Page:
The Day After

The US institute of peace syposium hosted representitives of the Day After group "Rami Nakhla, Rafif Huijati, Murhaf Huijati, Omar al-Azem and Afraa Jalabi"

The Day After

18 February 2014

In early 2012, 45 human rights activists and politicians launched “The Day After” project. The project came after six months of regular meetings in Berlin, and aims to develop a perception of the transitional phase that will lead Syria to democracy. The six months period resulted in formulating the final draft that was published in July 2012 under the title: “The Day After project: Supporting democratic transition of power in Syria”.

The organization was established shortly after the project was first presented, as a gathering of representatives of the political opposition and civil society, who are capable of formulating a comprehensive vision of Syria's transitional phase and as a means to protect civilians and the state infrastructure from descending into a state of chaos. Today, the organization is led by a board of directors consisting of nine people, including researchers, activists, academics and leaders in the Syrian opposition.

The project mainly aims to apply the content of the Day After report in areas that are not subject to regime authority, while simultaneously working on alleviating potential conflicts by keeping and protecting civil records and records of real estate properties.

Executive director Wael al-Sawwah explains the working nature of the project: “we have already started a project to document some real estate records by obtaining a digital copy of them, in case they are destroyed by regime forces or other radical groups. Additionally, we are doing what is necessary to hold the perpetrators accountable for their actions, by forming an independent coordinating group of lawyers, judges and human rights activists that specializes in the field of transitional justice. We are also currently working on two major projects that will be executed in 2014. The first is aimed at reforming the security service appartus in Syria, while the other takes interest in preserving the Syrian cultural heritage.”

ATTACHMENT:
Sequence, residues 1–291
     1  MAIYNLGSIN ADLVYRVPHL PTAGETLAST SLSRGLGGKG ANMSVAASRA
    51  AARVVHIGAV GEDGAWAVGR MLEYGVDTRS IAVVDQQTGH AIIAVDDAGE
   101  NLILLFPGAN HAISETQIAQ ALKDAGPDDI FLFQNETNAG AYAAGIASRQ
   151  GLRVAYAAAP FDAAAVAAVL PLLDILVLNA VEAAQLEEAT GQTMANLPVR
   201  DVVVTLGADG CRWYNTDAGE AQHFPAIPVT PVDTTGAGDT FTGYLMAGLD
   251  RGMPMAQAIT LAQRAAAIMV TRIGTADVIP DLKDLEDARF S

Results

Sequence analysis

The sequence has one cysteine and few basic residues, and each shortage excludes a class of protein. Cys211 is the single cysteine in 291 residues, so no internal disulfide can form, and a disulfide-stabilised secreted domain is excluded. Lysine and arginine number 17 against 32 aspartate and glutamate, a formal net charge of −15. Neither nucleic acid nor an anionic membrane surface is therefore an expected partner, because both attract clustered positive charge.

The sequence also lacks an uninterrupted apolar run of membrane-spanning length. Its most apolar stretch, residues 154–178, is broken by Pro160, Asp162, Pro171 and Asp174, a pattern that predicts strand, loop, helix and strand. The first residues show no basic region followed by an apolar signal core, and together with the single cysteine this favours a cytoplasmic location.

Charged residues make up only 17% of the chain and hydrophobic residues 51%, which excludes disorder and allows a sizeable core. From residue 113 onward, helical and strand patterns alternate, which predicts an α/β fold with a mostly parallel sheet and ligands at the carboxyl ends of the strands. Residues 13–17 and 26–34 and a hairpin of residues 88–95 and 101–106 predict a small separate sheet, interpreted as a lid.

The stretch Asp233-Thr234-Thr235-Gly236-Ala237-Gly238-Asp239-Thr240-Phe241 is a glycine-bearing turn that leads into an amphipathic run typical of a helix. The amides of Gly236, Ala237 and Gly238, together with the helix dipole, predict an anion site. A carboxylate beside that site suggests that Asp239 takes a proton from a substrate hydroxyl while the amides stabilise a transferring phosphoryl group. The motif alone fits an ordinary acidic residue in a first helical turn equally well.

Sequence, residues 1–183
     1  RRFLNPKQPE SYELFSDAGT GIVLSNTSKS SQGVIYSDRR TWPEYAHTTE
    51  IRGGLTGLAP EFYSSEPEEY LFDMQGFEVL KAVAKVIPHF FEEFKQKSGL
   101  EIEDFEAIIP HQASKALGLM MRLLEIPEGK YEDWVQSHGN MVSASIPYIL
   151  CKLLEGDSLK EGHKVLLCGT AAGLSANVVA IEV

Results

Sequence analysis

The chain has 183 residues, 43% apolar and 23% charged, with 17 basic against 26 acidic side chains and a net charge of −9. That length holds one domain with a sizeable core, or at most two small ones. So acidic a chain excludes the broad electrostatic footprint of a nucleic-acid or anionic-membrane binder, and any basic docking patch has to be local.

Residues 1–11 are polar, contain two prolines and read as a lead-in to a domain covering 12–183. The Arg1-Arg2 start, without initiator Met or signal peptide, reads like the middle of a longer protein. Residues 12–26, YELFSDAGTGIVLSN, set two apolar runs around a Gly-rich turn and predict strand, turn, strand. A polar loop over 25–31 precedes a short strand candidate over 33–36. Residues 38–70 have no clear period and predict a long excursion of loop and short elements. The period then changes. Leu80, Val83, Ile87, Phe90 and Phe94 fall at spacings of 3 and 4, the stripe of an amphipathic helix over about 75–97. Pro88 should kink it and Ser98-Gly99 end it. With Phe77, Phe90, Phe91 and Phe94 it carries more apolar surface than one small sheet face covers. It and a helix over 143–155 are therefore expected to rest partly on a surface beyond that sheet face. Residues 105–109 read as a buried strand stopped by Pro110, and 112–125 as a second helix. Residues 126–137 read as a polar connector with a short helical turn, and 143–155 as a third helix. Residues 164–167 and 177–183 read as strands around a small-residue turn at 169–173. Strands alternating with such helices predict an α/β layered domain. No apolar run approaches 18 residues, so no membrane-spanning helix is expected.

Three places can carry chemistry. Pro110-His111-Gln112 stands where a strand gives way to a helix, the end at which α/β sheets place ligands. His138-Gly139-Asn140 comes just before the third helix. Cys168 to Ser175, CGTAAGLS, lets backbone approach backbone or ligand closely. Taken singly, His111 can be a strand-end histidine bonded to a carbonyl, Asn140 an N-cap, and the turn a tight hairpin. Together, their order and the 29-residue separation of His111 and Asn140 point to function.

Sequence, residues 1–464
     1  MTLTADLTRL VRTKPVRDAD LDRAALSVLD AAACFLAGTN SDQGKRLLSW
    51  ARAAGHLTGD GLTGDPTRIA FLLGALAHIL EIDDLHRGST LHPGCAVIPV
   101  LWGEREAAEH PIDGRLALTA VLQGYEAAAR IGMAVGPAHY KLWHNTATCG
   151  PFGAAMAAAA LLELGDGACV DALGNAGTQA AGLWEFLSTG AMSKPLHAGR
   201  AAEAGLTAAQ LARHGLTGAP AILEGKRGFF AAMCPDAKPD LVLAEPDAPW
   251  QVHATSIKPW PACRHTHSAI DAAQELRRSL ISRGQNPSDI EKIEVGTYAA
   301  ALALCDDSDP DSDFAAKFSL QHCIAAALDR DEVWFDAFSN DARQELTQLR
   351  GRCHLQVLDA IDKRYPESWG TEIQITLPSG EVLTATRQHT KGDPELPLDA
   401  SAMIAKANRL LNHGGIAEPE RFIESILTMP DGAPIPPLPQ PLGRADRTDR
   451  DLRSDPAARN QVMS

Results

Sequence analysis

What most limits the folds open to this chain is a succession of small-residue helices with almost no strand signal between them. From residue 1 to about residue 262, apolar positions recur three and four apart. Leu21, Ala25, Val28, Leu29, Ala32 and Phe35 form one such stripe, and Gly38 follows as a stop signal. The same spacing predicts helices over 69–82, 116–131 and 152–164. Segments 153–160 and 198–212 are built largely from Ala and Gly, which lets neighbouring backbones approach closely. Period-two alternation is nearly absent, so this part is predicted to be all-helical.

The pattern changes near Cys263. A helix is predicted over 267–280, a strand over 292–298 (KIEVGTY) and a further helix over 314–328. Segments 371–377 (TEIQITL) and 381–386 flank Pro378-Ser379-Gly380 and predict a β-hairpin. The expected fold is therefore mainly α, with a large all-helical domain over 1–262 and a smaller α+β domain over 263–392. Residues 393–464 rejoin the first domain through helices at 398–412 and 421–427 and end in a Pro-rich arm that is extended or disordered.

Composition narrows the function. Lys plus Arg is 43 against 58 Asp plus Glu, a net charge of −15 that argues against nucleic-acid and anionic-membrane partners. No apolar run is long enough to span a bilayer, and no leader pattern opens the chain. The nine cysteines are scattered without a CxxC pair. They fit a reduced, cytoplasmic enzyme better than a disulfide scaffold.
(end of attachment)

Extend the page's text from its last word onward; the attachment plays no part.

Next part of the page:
The Day After team. Source: The group's official Facebook page.
The Day After team. Source: The group's official Facebook page.

Member of the team are trying to strengthen the role of civil society institutions by building their capacities and informing them of the importance of civil activism and the principles of citizenship, civil peace and transitional justice. The group also aims to promote national laws against foreign interference, in coordination with democratic political parties and groups as well as trying through to emphasize the ideas of the rule of law, equality between individuals and political freedom within members of the Syrian opposition.

The Day After activists rely on multiple funding sources, including Denmark, Switzerland and the United States, which serves their purpose of varying the sources of financing as to not be accused of being unilateral.

The Day After team aspires to a civil, democratic, pluralistic Syria, that preserves the rights of individuals regardless of their gender, religion, confessional or national affiliation.


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Illustation by Dima Nechawi Graphic Design by Hesham Asaad